Commuters stuck in traffic greet subway promise with scepticism

PUBLISHED : Thursday, 13 December, 2007, 12:00am
UPDATED : Thursday, 13 December, 2007, 12:00am

Sydney

It is an eyesore, an embarrassment and a serious health risk. Once a rutted colonial cart track linking the infant colony of Sydney with its first outlying settlement, the Parramatta Road is one of the city's ugliest thoroughfares.

This multilane highway is lined with a soulless procession of used car dealerships, grotty pubs, boarded-up shops and fast food outlets.

It is the city's busiest transport corridor - each year motorists rack up 9 million kilometres on the 10km-long asphalt avenue.

Sydney may be regarded overseas as a hedonist's paradise of sunshine and surf, but local lore has it that the average inhabitant spends more time stuck in traffic on Parramatta Road than lounging on the golden sands of Bondi Beach.

The bleak corridor of exhaust fumes and cracked concrete was once described by an urban planning academic as 'not just a bad road; a notorious emblem of all that is ugly, abrasive and frustrating'.

So the announcement this week that the state government intends to build a sleek Hong Kong-style subway system linking the city and Parramatta was welcomed by harassed commuters.

New South Wales state premier Morris Iemma said the system would be modelled on Hong Kong's MTR and the MRT of Singapore.

The aim is to tempt thousands of commuters out of their cars in favour of travelling to work in air-conditioned comfort in swift, almost silent trains. Each six-carriage train will be able to carry 1,000 people, with 30,000 passengers an hour being whisked in and out of the central business district.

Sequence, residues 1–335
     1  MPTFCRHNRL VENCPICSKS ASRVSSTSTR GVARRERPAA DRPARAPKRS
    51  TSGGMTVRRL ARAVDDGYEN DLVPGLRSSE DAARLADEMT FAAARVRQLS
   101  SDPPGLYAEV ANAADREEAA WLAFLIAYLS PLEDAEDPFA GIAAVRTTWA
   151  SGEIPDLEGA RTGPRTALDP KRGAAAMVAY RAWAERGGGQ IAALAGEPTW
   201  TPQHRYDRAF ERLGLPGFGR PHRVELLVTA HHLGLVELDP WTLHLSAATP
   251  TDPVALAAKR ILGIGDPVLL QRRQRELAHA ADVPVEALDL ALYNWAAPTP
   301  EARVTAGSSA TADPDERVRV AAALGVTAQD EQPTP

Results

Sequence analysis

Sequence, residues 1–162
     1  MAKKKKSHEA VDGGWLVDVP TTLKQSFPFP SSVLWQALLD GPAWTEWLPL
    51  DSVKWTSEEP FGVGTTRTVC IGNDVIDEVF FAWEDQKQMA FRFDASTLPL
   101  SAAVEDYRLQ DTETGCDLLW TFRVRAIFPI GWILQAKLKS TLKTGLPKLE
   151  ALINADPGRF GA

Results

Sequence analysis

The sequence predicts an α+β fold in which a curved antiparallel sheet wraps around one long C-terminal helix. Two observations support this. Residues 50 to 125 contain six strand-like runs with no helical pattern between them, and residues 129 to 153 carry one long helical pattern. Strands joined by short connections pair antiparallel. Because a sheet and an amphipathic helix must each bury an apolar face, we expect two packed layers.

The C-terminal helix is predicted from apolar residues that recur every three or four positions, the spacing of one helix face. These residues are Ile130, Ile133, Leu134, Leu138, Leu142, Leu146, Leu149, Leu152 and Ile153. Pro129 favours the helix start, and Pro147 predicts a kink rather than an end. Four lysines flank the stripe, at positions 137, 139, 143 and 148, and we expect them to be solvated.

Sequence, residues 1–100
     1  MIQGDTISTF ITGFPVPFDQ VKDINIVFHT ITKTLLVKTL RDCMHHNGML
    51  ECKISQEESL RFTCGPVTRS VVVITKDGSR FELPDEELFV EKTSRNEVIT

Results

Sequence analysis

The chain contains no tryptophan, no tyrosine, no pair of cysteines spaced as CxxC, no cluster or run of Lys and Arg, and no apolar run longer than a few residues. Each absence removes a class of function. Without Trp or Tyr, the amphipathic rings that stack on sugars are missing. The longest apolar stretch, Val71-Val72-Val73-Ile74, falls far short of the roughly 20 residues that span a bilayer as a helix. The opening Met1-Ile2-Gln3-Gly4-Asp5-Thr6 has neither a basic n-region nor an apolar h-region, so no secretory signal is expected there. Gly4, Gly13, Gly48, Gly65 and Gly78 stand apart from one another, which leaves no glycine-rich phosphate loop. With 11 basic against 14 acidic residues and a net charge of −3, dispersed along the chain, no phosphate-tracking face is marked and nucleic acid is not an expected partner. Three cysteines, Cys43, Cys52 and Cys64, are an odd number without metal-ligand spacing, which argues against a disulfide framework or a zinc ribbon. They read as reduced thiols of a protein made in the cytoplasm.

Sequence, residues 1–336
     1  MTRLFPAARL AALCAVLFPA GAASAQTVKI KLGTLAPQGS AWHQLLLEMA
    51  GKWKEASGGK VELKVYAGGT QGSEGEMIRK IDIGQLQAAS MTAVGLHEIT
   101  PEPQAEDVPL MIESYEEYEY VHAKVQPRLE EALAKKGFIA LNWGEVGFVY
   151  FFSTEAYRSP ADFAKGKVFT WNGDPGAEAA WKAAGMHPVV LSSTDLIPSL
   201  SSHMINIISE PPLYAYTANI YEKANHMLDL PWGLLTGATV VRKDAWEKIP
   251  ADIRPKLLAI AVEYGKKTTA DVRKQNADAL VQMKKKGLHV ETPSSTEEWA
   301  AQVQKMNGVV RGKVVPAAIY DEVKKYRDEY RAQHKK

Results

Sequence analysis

It will be the first stage of a mass transit plan that will eventually extend way out west to satellite centres such as Penrith and Blacktown, and deep into the eastern suburbs, linking Maroubra and Botany Bay.

'It's not if Sydney gets a metro, it's when,' said Mr Iemma. '[Services will be] high frequency and provide an alternative to heavy rail.'

The project, expected to cost between A$5 billion (HK$35 billion) and A$7 billion, is to be paid for by selling off three state-owned electricity companies and leasing out power stations - a deal expected to earn the government A$15 billion.

The subway could take 'many decades' to build, Mr Iemma said. 'What I'm about is getting cracking on starting metros. They're not going to happen overnight.

'They take many years to build, but ... a decision has been made, we will have metro for Sydney.'

The exact cost, the construction time and the first route to be built would be revealed early next year, he added.

Sydneysiders may be forgiven, however, for being reluctant to throw away their car keys.

They have become wearily accustomed over the years to seeing promises of shiny infrastructure projects come to nothing.

A decades-old commitment to extend the existing overland rail network to Bondi Beach remains unfulfilled, and as recently as 2001, rail planners told the state government that three metro lines needed to be built by 2020.

State opposition leader Barry O'Farrell indulged in a spot of predictable point scoring, but his criticisms held some truth.

'Morris Iemma's claim that funds raised from any electricity sale would be used to renew state infrastructure simply can't be believed given Labor's history and its failure to deliver a long list of projects over 12 years.'

Frustrated commuters inching their way along Parramatta Road will await future developments with interest.

 
 
 
 

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